Smoke retail organisations staff restaurant

Smoke from a retail organisation’s staff restaurant sets off the alarm, causing the entire building – almost 1500 employees – to be evacuated. The emergency services arrive with full equipment. There are no injuries, but it will be hours before employees are able to return to their workstations. The employees finish their ‘normal’ working day at COIN.

Fire in multinational’s new premises

A multinational moves into new premises, where 3 weeks later fire breaks out in the power supply. All data, telephone and power cables need replacing. It will be several weeks before the multinational can move back into their new premises. In the meantime work goes on from the recovery location.

Backup connection fails after excavation work

A Dutch merchant bank has taken a number of precautions, with data connections duplicated and separately installed in the building. But the unexpected still happens both connections fail because of excavation work in the vicinity. Work resumes within a few hours from the COIN recovery location.

Business continuity for foreign organisation

A foreign organisation is taken on to deliver business continuity for the Dutch supervisory authority. COIN consultants are called in to identify those processes and resources – IT, telephony etc. – that are business critical. An external auditor compiles the report for the first recovery test, following which this organisation complies with the set requirements and guidelines.

Explosion during maintenance

During work on a car manufacturer’s low voltage installation an explosion occurs. A medevac helicopter airlifts two employees to a hospital. The explosion resulted in a fire, with noxious fumes being released from burning PVC insulation. The cable space, together with the server room, is partially burned out. At the time, the manufacturer had no recovery option and was able to restore even limited operations only after several weeks. Premises were quickly found, but achieving data connectivity took the most time.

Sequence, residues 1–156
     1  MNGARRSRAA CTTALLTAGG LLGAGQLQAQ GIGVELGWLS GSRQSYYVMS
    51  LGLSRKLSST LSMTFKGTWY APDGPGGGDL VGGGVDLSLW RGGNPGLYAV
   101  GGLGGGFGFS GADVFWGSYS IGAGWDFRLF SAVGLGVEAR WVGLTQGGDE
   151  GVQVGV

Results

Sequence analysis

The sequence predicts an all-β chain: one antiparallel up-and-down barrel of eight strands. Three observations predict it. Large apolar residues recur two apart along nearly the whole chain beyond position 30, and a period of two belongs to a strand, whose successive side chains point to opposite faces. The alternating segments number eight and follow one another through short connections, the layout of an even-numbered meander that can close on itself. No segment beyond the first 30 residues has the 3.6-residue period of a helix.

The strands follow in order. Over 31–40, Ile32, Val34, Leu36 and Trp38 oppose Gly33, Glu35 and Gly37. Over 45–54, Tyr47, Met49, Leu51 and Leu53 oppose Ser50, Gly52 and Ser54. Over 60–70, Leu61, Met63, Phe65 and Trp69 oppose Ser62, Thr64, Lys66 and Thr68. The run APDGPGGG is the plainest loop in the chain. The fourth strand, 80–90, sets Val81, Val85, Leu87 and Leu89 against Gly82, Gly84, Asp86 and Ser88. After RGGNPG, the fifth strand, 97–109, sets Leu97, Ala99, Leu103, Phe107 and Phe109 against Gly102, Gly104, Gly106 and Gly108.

Sprinkler system failure

At the office where the annual accounts were being drawn up, the sprinkler system starts deluging water. Employees run from the building, but cannot prevent the documentation in the open filing cabinets becoming drenched, together with the bookkeeping on the desks. Before the mains shut-down valve can be located the entire floor is sodden. COIN collected all the wet documentation, storing it in a special way to prevent further damage. It’s two months before the client can return to their own location, during which all work continues at the COIN recovery location where the organisation is reachable on its normal telephone numbers. In the meantime the documentation was dried and returned. The annual accounts could be finished (just) in time for publication to the stock market.